Robin Kramer created her blog, the thoughtful, funny, touching Pink Dryer Lint, in 2010. With three daughters (and loads of laundry), she accumulates plenty of the stuff that gives her blog its title. By day, she teaches college public speaking and writing classes at Penn State University. She’s a first-time author, too. Then I Became a Mother was published in October by Byrne Publishing.
Elisa Camahort Page was especially helpful in framing the discussion of mom blogs. Camahort Page co-founded BlogHer in 2005, and it has grown into the largest community of women who blog, with 50 million unique visitors per month. BlogHer puts on the world’s largest conference for women in social media and hosts the BlogHer Publishing Network – 3,000+ blogs authored by women on every topic from politics to parenting.
Vickie: How would you describe the “State of the Mom-Blogosphere”?
Elisa: I think there is not one blogosphere, there are many. That’s the beauty of the blogosphere. For example, many of the moms who blog do so in relative obscurity, sharing their daily trials and joys, forming a tight-knit community with moms at similar stages, and more efficiently communicating with far-flung families.
However, it is also the beauty of the blogosphere that if you’re interested in professionalizing and leveraging the time you spend on your blog to contribute to your household income, there is an avenue to do that too. We’ve certainly seen that explode over the last five years. Whether monetizing their blogs or not, though, self-expression and forming community are still huge drivers for moms online, along with seeking and sharing advice and recommendations that will make their lives easier.
Flores’ blog is one of several part-time jobs. Kramer’s provided her with “an opportunity to establish a loyal readership and a platform from which I could launch my first book.” Kramer has decided for now “to not participate in product reviews or advertising. I don’t feel as if it aligns with my blog’s mission. It might be rare among mom bloggers.” Flores says she’s “slowly but surely started opening my eyes to the fact that blogging is actually a career path and has become what I do with my life.”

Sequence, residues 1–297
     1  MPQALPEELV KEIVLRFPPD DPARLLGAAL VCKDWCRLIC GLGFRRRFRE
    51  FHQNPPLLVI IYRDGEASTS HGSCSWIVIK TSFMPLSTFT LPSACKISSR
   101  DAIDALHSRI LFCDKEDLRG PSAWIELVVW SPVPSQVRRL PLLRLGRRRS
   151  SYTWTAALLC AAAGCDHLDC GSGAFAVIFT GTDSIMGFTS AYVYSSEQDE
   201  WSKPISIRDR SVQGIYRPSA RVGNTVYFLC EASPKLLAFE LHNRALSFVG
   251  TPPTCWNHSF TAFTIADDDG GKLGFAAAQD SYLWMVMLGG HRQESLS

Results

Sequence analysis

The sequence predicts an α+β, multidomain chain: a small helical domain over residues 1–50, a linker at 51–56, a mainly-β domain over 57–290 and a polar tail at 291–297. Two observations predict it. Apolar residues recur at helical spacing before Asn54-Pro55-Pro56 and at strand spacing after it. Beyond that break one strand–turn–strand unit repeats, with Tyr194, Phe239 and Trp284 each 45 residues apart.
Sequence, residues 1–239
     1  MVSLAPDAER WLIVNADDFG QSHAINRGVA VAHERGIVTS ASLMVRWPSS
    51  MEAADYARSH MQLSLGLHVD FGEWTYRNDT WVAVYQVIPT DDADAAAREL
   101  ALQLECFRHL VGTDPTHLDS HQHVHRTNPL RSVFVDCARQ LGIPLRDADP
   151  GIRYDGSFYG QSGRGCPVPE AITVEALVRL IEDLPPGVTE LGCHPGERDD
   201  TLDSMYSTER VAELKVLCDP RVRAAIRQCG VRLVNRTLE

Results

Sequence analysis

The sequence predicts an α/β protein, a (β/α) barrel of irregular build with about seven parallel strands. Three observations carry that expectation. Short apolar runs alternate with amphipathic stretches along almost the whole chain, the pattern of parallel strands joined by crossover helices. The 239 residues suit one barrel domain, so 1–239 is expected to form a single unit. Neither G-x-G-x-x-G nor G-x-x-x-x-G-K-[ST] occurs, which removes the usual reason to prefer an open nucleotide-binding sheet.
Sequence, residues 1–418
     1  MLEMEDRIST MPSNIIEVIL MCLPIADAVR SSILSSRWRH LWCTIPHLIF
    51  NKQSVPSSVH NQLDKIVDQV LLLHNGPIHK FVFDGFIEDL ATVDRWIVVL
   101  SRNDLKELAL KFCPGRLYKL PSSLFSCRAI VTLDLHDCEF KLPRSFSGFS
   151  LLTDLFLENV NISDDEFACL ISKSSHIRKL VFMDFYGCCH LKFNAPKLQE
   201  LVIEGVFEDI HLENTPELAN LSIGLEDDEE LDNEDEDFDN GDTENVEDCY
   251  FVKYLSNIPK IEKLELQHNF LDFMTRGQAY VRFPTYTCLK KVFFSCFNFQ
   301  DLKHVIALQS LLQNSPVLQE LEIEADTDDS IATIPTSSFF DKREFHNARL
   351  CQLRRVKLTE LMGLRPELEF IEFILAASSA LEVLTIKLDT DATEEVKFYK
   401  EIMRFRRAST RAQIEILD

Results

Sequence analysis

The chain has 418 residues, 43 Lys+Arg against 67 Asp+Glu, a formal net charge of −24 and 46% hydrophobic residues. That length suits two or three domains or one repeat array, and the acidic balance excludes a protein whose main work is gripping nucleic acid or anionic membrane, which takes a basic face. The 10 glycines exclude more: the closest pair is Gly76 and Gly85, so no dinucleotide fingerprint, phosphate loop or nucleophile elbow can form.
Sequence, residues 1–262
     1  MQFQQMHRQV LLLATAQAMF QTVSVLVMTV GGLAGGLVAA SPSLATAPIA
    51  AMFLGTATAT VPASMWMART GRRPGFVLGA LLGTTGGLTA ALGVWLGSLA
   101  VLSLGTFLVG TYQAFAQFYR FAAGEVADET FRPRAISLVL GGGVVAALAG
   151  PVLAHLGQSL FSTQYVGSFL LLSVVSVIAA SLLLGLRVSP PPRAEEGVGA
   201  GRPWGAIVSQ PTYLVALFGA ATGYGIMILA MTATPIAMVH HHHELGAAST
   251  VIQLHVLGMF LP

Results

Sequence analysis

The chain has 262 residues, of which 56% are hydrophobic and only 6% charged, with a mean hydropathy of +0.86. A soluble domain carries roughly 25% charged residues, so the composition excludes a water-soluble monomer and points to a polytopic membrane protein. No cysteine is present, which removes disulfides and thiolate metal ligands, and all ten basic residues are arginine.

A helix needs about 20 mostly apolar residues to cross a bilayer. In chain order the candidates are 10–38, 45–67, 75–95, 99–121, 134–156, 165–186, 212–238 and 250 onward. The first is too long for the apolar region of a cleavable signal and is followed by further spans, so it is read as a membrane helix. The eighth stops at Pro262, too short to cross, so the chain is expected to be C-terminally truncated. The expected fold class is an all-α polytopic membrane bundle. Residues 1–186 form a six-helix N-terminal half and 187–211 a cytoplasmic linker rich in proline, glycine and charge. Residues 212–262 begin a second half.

Vickie: Did the two of you always want to be writers?
Ana: Roxana, my partner on the site, is a writer; she trained as a journalist. I never considered myself to be a writer. I worked for 15 years in TV production, always focused on the Hispanic market. But I think, the more you blog, the more you hone your craft and gain confidence. I hear that a lot from bloggers – they didn’t consider themselves writers before they started their blogs.
Robin: I’ve written for as long as I can remember, and I have a shelf that holds all of the journals that I’ve filled over the years. Blogging has been an extension of this love for writing.
Vickie: What did you want to do with your blog when you started out?
Robin: I launched Pink Dryer Lint when my youngest of three daughters was only a month old. Essentially, my goal was to reach out to other women who also were in the trenches of the early years of motherhood. It’s easy for moms to feel isolated. That isolation can breed an unspoken shame that we’re the only one who struggles with the day-to-day demands of parenthood.
Even though my initial readership was small, women started writing to me and thanking me for the humor, transparency and encouragement that my posts offered. My goal always has been to write for my readers. By that, I mean that although I write about the particulars of my life with my kids, I do so in a way that invites my readers to see their own lives. Good writing is relatable.